At the Helm

Running short on PPE? Contact these 9 types of local businesses now.

by Steven Berkow, VP of Provider Research and Abigail Hennen, Research Analyst

Shortages of PPE (personal protective equipment) are a "double stressor." Departures from standard PPE practices to stretch limited supplies place hospital staff as well as patients at heightened risk for virus transmission. And the stress experienced by staff now starts even before such conservation measures are taken. Clinical leaders at institutions admitting COVID-19 patients report staff tensions rising as soon as they see PPE dwindling in supply closets, as all know how hard it is to re-stock PPE right now. The stress can be particularly pronounced for staff in high-risk groups and who have young families at home.

How to find additional PPE nearby

To bolster supplies, a growing number of hospitals have turned to their local communities and received meaningful donations of surgical masks and other PPE from local businesses not associated with health care.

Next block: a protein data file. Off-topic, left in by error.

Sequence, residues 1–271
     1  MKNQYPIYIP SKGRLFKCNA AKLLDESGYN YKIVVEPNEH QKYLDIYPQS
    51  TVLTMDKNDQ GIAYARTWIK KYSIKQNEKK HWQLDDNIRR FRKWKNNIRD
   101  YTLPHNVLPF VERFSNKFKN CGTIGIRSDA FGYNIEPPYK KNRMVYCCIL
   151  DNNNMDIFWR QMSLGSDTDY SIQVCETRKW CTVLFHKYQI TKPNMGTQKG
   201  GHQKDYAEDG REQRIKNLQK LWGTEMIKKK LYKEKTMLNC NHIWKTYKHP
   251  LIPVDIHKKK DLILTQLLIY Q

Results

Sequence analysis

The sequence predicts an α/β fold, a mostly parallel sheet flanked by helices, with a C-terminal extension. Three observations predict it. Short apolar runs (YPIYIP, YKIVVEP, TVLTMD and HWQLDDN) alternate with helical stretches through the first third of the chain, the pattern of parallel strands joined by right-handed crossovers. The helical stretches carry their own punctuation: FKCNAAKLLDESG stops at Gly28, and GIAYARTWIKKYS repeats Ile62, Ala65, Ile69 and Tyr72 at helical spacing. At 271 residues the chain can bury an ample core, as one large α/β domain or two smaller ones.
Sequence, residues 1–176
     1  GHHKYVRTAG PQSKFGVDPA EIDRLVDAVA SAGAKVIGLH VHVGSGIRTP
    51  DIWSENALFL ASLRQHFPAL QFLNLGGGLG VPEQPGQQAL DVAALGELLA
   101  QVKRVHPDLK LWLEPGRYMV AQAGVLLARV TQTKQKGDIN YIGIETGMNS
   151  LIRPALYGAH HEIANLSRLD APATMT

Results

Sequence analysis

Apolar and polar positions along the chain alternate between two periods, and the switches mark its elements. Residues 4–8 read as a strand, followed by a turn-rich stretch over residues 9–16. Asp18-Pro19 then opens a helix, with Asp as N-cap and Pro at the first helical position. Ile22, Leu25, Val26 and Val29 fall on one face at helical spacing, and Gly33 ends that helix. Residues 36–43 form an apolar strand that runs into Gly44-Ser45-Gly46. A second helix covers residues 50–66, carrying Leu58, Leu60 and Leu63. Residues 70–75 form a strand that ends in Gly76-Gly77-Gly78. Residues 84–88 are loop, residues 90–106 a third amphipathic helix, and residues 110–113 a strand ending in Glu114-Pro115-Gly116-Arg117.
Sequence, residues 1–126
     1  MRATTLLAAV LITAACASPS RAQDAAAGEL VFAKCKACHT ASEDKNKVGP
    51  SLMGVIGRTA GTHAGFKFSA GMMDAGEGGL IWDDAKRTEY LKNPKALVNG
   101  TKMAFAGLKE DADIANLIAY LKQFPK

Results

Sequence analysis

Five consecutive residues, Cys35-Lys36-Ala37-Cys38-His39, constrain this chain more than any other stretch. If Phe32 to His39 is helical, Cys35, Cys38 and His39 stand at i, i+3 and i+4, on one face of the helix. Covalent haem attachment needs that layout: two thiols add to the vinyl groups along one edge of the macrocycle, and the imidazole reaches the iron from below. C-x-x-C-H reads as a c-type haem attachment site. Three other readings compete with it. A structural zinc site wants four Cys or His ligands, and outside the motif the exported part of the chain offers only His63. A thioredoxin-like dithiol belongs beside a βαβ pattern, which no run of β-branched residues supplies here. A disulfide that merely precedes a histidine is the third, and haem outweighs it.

How are they making those asks?

In general, hospitals seeing a return on such efforts publicize a list of the supplies they need through press releases, social media, and other broad channels, along with contact information for how to donate. They caution against overinvesting in more targeted outreach because the size of individual donations tends to be modest. Additionally, local companies seem inclined to act proactively right now.

Which businesses should you be asking for PPE?

There are a handful of non-health care businesses that regularly use PPE suitable for the hospital setting, particularly masks and gloves, and may have larger amounts of stock on hand. Below is a list of these businesses. We recommend that hospitals complement general solicitation efforts for PPE with more direct outreach to such companies, if sizeable and nearby.

Non-health care businesses to turn to for PPE:

  • Construction companies;

  • Woodworking, painting, industrial coating companies;

  • Welding suppliers;

  • Marine suppliers;

  • General industrial suppliers (such as Granger, Fastenal);

  • Automotive stores;

  • Heavy equipment, worksite machinery rental companies (such as United Rentals);

  • Cleaning companies (especially fire, water and mold restoration franchises); and

  • Agriculture companies.

Cheat sheet: Strategies to optimize PPE and equipment

The CDC shared strategies to optimize the use of PPE supplies in health care settings when there is limited supply. This document summarizes the “need-to-know” information from that guidance.

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